On July 27 The Washington Post surveyed the political landscape post-Lafayette and said gun control is going nowhere–mainly because Americans do not want it. They want more guns instead.
For example, the WaPo reported that GOP presidential hopeful Rick Perry reacted to the shooting in Lafayette’s Grand Theatre by highlighting the fact that movie-goers should be allowed to carry guns for self-defense. They pointed out that this is a “familiar theme from NRA head Wayne LaPierre, [who says,] ‘The only thing that stops a bad guy with a gun is a good guy with a gun.'” The WaPo then indicated “that most Americans agree with this logic” and cited a PEW Poll showing the number of Americans who believed guns helped “protect people from becoming victims of crime” increased “9 percent” between the end of 2012 and the end of 2014.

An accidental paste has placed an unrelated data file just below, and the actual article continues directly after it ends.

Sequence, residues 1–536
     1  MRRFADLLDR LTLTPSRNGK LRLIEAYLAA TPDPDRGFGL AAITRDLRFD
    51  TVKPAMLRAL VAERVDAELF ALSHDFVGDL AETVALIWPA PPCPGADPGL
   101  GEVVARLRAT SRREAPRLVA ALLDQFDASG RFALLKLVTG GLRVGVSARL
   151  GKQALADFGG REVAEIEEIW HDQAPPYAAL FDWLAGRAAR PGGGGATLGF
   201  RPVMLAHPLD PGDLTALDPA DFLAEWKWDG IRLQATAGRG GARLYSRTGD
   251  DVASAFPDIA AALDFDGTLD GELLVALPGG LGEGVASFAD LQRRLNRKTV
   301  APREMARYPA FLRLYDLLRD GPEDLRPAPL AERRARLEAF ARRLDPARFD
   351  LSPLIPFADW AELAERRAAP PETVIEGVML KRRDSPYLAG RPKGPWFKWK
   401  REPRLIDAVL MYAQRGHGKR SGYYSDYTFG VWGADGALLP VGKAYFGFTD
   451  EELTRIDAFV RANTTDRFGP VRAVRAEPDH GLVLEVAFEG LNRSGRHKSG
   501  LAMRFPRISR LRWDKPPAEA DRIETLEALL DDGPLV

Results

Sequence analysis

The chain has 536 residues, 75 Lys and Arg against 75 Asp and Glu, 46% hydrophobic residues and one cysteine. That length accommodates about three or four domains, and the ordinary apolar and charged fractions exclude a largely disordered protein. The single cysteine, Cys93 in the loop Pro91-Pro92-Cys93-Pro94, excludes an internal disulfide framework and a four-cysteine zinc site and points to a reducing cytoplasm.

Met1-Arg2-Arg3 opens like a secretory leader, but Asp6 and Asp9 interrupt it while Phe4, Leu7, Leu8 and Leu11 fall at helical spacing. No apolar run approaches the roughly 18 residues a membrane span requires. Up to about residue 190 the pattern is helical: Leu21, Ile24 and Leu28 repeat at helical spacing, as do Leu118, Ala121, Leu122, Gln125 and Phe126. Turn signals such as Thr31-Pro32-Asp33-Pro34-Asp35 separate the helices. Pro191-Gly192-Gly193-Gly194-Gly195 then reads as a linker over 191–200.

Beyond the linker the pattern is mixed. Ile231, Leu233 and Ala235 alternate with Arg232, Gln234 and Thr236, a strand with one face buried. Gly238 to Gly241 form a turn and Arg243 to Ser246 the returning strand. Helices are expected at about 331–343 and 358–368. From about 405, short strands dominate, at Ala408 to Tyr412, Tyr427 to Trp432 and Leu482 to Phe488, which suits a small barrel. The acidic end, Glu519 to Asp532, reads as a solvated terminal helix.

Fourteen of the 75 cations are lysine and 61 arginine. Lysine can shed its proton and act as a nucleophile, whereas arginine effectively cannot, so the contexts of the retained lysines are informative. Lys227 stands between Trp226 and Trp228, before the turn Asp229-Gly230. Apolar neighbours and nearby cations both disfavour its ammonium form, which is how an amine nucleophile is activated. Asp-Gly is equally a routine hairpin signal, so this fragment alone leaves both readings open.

The WaPo pointed out that those pushing for more gun control via background checks seize on mass shootings, and when news emerges that alleged attackers actually passed a background check–Dylann Roof (Charleston), Muhammad Youssef Abdulazeez (Chattanooga), and John Russell Houser (Lafayette)–they augment their arguments to say “the system needs to be revamped and expanded.”
On the other hand, when the FBI admits Roof only passed a background check because of a clerical error on the part of an FBI background check examiner, gun rights supporters point out that the mistake on the part of an examiner is not the same thing as a “loophole” and does not require the passage of new gun control legislation.
The WaPo then makes clear that apart from the distinctions between gun rights groups and gun control groups, “Americans’ overall feelings on guns” simply make it evident that gun control has fallen out of favor with the American people. Therefore they write, “With every mass shooting, in fact, we seem to be embracing the idea of more guns rather than fewer.”
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